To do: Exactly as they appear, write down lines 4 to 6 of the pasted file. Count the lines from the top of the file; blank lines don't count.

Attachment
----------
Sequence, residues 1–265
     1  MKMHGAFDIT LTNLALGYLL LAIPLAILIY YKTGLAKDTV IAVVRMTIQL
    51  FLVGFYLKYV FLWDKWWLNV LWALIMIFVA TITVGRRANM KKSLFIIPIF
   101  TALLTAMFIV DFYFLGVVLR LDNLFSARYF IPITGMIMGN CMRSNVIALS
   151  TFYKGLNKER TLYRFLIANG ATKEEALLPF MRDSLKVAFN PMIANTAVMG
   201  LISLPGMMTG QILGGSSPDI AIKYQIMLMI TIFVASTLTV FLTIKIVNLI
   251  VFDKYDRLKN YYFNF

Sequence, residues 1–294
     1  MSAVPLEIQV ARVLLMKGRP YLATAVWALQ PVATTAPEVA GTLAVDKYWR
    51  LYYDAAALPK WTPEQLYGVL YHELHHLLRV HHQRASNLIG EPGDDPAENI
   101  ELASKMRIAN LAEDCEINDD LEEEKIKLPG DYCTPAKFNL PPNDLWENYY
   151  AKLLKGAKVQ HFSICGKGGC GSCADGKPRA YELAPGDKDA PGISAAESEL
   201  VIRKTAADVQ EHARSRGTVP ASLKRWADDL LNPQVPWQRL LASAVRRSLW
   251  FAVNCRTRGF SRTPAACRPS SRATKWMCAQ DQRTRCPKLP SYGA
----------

   101  TALLTAMFIV DFYFLGVVLR LDNLFSARYF IPITGMIMGN CMRSNVIALS
   151  TFYKGLNKER TLYRFLIANG ATKEEALLPF MRDSLKVAFN PMIANTAVMG
   201  LISLPGMMTG QILGGSSPDI AIKYQIMLMI TIFVASTLTV FLTIKIVNLI